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FW: (ngtrans) IAB/IESG Recommendations on IPv6 Address Delegation

  • From: Gregory Soo
  • Date: Sat Sep 02 17:52:42 2000

Title: FW: (ngtrans) IAB/IESG Recommendations on IPv6 Address Delegation

-----Original Message-----
From:    Steve Deering [SMTP:[email protected]]
Sent:    Friday, September 01, 2000 7:02 PM
To:      [email protected]
Cc:      [email protected]; Bob Hinden
Subject: (ngtrans) Fwd: IAB/IESG Recommendations on IPv6 Address Delegation
Appended below is the message that was sent today to the RIRs from the IAB and IESG, regarding IPv6 address allocation policy.  It contains most of the material that was in the draft I forwarded here on Sunday, but reorganized into a more coherent document.

>-----Original Message-----
>Date:   Fri, 01 Sep 2000 12:40:48 -0700
>To:     [email protected] (RIPE), [email protected] (ARIN),
>        [email protected] (APNIC)
>From:   Fred Baker <[email protected]>
>Subject:IAB/IESG Recommendations on IPv6 Address Delegation
>Cc:     [email protected], [email protected], [email protected],
>        [email protected] (RIPE), [email protected] (APNIC)
>The RIR community asked the IETF community for advice regarding the
>assignment of IPv6 prefixes to service providers and edge networks, both
>with a view to topological address assignment and to multihomed networks.
>The IPv6 Directorate prepared a statement, which the IESG and IAB have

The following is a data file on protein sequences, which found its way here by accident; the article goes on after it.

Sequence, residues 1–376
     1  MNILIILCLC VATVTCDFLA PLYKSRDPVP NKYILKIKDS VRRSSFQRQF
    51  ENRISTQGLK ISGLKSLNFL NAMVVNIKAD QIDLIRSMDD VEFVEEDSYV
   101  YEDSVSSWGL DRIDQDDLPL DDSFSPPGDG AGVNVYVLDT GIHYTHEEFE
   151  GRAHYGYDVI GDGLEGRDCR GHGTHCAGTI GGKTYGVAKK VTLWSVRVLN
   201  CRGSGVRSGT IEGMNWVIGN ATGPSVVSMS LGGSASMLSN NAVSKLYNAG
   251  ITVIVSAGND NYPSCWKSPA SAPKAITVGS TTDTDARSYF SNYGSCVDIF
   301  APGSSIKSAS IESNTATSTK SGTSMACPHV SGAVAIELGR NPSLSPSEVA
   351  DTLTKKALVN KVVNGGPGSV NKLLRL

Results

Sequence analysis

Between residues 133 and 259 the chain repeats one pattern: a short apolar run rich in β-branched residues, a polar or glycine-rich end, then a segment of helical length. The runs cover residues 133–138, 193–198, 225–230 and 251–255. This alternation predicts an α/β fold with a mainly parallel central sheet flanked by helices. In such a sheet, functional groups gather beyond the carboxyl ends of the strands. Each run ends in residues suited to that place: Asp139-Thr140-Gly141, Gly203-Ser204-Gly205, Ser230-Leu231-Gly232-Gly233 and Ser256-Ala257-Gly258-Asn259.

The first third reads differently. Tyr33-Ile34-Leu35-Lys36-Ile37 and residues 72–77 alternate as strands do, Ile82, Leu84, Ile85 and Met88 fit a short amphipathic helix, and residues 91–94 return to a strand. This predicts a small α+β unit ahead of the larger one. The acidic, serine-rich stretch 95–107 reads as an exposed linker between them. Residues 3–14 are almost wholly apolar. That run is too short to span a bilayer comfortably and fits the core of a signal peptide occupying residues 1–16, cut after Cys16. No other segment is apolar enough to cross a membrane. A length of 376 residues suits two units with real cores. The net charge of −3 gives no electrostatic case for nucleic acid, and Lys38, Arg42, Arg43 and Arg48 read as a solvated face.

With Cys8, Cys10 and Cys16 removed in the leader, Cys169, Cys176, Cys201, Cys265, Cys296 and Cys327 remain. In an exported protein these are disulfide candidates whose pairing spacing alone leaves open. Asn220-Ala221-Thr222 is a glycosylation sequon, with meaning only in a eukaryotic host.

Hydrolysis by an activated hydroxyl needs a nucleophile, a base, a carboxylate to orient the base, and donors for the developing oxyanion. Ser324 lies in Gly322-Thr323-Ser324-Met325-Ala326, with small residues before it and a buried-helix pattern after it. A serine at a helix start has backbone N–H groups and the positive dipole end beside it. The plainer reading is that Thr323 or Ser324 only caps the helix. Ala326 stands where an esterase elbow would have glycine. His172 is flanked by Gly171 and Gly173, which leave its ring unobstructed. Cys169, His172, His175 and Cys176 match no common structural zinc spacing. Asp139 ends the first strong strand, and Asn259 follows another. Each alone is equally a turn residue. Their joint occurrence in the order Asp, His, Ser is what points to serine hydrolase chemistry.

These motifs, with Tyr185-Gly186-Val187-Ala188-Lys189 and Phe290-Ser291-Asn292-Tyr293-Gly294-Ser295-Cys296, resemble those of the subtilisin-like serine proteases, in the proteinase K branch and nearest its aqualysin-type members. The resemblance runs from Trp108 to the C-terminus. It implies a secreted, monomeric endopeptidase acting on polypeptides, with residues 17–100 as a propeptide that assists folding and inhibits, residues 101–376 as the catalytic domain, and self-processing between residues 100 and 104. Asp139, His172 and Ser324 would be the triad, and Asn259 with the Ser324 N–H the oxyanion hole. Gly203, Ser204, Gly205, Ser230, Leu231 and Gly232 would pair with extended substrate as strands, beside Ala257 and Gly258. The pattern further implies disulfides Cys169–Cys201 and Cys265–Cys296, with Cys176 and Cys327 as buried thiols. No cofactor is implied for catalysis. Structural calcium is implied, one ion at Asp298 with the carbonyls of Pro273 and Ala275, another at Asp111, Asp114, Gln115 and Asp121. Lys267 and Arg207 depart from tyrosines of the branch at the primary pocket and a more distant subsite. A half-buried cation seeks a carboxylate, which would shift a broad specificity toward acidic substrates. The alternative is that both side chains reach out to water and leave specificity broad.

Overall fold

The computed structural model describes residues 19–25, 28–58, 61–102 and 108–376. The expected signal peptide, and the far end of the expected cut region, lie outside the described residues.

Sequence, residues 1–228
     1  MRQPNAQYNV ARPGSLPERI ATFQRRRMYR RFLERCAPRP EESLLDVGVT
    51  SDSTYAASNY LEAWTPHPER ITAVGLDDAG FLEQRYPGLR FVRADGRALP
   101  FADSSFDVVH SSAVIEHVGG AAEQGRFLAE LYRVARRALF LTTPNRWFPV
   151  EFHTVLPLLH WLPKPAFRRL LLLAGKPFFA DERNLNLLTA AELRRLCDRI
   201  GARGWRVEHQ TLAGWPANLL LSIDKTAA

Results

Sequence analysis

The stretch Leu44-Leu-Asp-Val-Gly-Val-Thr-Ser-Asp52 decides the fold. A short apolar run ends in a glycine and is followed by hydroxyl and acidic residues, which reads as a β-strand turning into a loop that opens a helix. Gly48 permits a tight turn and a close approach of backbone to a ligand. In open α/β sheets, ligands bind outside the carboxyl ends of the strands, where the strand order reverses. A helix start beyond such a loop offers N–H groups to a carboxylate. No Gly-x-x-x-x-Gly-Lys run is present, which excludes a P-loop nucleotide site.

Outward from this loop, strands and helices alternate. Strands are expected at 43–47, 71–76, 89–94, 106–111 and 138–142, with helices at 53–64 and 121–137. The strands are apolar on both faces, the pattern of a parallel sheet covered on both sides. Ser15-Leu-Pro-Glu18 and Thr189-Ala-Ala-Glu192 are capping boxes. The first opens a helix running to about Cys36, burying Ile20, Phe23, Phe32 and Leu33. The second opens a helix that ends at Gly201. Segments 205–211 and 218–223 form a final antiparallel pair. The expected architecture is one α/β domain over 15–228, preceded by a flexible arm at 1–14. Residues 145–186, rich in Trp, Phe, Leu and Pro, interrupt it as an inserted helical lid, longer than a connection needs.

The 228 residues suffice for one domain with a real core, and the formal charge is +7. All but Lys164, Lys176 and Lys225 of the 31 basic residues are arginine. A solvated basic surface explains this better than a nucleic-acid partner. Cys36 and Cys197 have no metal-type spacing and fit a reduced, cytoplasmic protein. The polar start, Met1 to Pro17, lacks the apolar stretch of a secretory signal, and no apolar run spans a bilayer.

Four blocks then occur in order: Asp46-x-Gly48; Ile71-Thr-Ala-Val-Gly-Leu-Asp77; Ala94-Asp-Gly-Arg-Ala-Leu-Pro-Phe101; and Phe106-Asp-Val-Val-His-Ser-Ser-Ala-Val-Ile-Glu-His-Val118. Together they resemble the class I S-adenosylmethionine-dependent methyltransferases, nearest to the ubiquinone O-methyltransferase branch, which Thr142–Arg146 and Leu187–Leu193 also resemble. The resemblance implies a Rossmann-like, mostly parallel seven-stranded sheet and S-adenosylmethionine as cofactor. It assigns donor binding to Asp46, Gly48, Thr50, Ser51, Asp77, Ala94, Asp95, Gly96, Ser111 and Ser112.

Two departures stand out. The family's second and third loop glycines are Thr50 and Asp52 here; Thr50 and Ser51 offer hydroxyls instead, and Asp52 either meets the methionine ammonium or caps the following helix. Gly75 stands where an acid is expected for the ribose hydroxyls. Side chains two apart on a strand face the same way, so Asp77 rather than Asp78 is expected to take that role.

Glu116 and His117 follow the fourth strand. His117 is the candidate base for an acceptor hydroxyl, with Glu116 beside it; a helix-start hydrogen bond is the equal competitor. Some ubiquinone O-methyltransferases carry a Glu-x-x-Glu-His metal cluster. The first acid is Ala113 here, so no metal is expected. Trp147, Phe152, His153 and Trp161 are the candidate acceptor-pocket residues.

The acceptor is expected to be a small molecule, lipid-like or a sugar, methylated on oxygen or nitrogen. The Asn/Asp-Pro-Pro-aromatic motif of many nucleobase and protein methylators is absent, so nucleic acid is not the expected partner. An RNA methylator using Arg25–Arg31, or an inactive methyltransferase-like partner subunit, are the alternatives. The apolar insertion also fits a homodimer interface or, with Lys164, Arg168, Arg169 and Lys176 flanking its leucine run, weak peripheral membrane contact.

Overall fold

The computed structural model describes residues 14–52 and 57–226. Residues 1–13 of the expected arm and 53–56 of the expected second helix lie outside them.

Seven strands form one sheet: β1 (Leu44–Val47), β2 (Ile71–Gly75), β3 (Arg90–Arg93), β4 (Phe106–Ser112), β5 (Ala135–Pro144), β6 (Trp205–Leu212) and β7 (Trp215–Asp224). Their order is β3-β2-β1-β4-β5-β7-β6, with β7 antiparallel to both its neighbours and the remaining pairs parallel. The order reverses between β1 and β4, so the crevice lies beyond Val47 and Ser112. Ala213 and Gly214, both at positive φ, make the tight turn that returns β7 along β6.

>reviewed and approved. This is attached.
>I trust that this answers the questions you asked, and serves as a basis for
>IPv6 deployment in the near term. If you have questions or issues concerning
>it, I would suggest that you address them to the IPv6 Directorate copying
>the IESG and IAB.
>We intend to publish an Informational RFC in the near future documenting the
>contents of this note.
>Fred Baker
>       IAB/IESG Recommendations on IPv6 Address Allocations
>                          September 1, 2000
>During a discussion between IETF and RIR experts at the Adelaide IETF,
>a suggestion was made that it might be appropriate to allocate /56
>prefixes instead of /48 for homes and small businesses.  However,
>subsequent analysis has revealed significant advantages in using /48
>uniformly.  This note is an update following further discussions at
>the Pittsburgh IETF.
>This document was developed by the IPv6 Directorate, IAB and IESG, and
>is a recommendation from the IAB and IESG to the RIRs.
>The technical principles that apply to address allocation seek to